Watch A Double Shadow Transit On Jupiter Tonight

Io and Europa cast their shadows on Jupiter in this photo made on March 22, 2016. You can see the two moons, too. Io is the orange one and Europa is just above it. Credit: Damian Peach

Jupiter is front and center at nightfall May evenings. The planet is the first “star” to show in the sky at dusk, when it appears in the southeastern sky a fist above fainter Spica in the constellation Virgo. Tonight (May 11), if you have a modest-sized telescope, say a 4 to 6 incher, you can see two of Jupiter’s moons cast their shadows on the planet at the same time.

This diagram shows Jupiter tonight at 9:04 p.m. CDT (10:04 p.m. EDT). For a brief few minutes, the shadows of both Io and Europa (black dots) will transit the planet. The red-dotted Io is the moon itself. Europa will be easy to see “off-planet” to the left. This view shows south up, as seen in a typical telescope. Created with Meridian

When a satellite casts a shadow on its mother planet, astronomers call it a shadow transit because the moon’s shadow transits or moves from one side of the disk to the other. Jupiter’s moons take time to orbit the planet, so transits usually last several hours. The shadows look like inky black dots or pinpricks against the brighter clouds that circulate about the planet. Ganymede, the largest of Jupiter’s four brightest moons, throws the biggest shadow. Europa, the smallest, casts the tiniest.

Single shadow transits are fairly common, but two happening simultaneously not so much. Three is rare. Io and Europa will cast their shadows on either side of Jupiter tonight for only a few minutes for skywatchers in the eastern half of the Americas and western Europe. For the Americas, this happens during evening twilight and early nightfall; for Europe in the early morning hours of May 12.

The sun will still be up and Jupiter too low for a good view from western North America.

This map shows the layout of the satellite around Jupiter this evening (May 11) through a small telescope. South is up. Created with Stellarium

Europa’s shadow makes its first appearance at 6:40 p.m. CDT at the eastern edge of the planet and departs the disk at 9:07 p.m. Io begins its trek at 9 p.m.  and exits Jupiter at 11:11 p.m. That means that the two black dots will be visible simultaneously for only about 7 minutes — from 9:00 to 9:07 p.m. !

Will it be clear? Will the seeing be good? While both shadows are visible at a magnification of around 70x, higher power will make them easier to see provided the air is steady. Use the highest magnification that provides the sharpest view.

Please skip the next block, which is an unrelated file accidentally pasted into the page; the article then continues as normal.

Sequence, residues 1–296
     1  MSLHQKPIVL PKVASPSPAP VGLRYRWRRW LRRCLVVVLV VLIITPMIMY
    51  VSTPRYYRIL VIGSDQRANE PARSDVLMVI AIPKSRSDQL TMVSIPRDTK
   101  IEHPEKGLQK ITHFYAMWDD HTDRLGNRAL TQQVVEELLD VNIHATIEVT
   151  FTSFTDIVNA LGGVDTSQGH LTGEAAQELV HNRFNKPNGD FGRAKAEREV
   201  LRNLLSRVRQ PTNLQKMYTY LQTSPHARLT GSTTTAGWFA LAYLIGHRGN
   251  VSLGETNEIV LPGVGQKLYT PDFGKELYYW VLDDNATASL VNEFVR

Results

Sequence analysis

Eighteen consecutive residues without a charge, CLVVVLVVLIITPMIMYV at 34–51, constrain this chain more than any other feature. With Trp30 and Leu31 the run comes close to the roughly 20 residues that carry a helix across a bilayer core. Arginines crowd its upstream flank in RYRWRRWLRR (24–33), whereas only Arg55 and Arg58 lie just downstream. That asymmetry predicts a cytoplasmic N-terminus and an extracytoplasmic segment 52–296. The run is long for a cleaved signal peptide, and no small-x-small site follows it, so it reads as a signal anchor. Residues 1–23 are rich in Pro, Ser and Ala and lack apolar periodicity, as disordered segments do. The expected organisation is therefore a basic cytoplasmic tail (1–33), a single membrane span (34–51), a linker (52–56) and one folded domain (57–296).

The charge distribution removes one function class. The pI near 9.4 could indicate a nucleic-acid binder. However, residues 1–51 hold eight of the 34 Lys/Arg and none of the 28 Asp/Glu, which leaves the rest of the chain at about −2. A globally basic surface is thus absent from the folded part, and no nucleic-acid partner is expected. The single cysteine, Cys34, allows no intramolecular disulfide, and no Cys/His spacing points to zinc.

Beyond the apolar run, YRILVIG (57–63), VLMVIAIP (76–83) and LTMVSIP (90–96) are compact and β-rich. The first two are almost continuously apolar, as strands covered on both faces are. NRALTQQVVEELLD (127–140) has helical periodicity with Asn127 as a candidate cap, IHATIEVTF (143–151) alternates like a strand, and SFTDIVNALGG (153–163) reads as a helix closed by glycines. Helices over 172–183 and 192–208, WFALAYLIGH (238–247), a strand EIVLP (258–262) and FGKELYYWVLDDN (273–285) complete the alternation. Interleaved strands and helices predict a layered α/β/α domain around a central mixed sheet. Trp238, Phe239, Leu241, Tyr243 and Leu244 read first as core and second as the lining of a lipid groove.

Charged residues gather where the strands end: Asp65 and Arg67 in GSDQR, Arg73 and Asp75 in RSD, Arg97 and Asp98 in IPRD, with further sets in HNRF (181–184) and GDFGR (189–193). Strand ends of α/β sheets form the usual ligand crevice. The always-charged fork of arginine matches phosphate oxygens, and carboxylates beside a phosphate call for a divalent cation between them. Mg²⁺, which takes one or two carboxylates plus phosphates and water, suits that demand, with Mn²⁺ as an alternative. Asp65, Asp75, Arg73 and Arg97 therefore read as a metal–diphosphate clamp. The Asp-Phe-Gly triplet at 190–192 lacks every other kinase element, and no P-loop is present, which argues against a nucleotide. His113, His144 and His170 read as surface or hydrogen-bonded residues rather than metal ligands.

While observers in the western states will miss the double event, you’ll at least get to see Io’s shadow soloing across the great planet. Below is a table summarizing the events.

Clear skies!

6:40 p.m. Shadow of Europa comes into view
9:00 p.m. Shadow of Io
9:07 p.m. Shadow of Europa exits
11:11 p.m. Shadow of  Io exits

4 Responses

    1. astrobob

      That’s too bad, David. I’m sorry you got hit with clouds. I was just able to get out in time from a presentation to catch both transits at the last possible moment. There will be more!

  1. Hi Bob, made a concerted effort last night for the double shadow transit, which started at around 1245pm ADT. Clouds moved in, of course, shortly after 1250pm. Had a very nice view of Jupiter and its Moons,and storm clouds, but no shadows could be seen. It was Io and Europa, so they are the smaller moons, so that might have made a difference.

    Thank you for your advice in how to tease them out, but I have to conclude that these shadow transits are difficult to see in the eyepiece.

    Did get a nice look at Comet Johnson though telescope, and did see the most shooting stars since last summer though. Was nice to have some calm weather as well.

    1. astrobob

      Hi David,
      Funny thing — I happened to be out looking through a friend’s 4-inch refractor. We were able to see Europa’s shadow at 9:30-10 p.m. CDT. At 12:45 ADT, only Europa’s shadow would have been visible. It is the tiniest. Was the atmospheric seeing poor? That would make Europa’s shadow very difficult to see. Don’t give up yet! Check out the next transit of Ganymede. I’m certain you’ll see it.

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